Oct 13, 2010
Oct 12, 2010

Gazing at a Waterfall

Gazing at a Waterfall


early 1500s

Sōami 相阿弥

(Japanese, d. 1525)

Album leaf mounted as a hanging scroll; ink and slight color on paper

Painting: 29 x 30.1 cm (11 7/16 x 11 7/8 in.); Mounted with knobs: 113 x 47.6 cm (44 1/2 x 18 3/4 in.)

Purchase from the J. H. Wade Fund 1977.30


Did you know?

The setting of this painting is historical China, as evidenced by the clothing and hairstyles of the two people appreciating the waterfall.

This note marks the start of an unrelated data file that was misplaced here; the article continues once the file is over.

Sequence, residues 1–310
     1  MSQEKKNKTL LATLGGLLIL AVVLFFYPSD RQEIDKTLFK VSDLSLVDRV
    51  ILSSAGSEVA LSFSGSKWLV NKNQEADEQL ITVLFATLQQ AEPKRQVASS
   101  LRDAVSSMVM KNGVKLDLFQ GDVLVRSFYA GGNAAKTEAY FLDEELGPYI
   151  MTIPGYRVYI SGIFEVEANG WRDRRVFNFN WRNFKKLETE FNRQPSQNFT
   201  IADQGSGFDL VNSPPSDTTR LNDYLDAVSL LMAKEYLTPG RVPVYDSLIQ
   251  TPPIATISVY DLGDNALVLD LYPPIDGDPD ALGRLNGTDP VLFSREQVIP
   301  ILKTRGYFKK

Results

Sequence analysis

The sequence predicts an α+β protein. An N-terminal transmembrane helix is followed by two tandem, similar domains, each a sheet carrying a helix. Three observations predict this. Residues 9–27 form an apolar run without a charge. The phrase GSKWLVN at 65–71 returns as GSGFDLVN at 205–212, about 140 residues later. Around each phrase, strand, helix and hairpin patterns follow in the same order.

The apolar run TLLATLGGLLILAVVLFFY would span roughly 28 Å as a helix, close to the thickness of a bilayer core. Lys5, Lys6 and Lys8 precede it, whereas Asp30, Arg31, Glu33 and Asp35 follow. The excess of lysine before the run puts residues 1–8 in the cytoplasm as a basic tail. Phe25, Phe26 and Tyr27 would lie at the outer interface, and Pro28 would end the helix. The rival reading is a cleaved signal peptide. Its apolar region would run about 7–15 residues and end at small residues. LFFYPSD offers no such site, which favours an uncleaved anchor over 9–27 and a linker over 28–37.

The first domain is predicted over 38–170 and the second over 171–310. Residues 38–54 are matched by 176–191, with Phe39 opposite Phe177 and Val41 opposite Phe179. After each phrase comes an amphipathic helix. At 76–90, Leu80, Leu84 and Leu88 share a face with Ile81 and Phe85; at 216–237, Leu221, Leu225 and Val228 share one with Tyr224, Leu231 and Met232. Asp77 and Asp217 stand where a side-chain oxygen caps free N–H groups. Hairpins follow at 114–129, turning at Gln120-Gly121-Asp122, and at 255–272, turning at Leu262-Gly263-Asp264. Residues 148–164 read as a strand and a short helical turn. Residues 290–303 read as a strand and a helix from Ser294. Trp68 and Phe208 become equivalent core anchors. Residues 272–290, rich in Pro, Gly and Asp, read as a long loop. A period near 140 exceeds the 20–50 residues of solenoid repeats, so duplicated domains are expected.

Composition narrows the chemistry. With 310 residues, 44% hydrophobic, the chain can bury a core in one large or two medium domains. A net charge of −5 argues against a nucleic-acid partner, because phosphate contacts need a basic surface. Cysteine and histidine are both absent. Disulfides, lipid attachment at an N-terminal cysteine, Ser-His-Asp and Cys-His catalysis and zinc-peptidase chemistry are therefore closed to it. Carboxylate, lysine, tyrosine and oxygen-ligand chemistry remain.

Chinese poet Li Bai’s (701–762) poem “Gazing at a Waterfall on Mount Lu” is about experiencing the vastness of the galaxy in relationship to one’s own being. Japanese Zen monk-poet Keijo Shūrin (1440–1518) identified Li’s poem as the inspiration for Japanese painter Geiami’s (1431–1485) work Gazing at a Waterfall, in the collection of the Nezu Museum, which features sharp brushstrokes and bright colors. In contrast, this album leaf’s painter, Geiami’s son Sōami, took a more delicate approach to the theme. The waterfall and the pair watching it frame the mist rising from the water at the center of the image.

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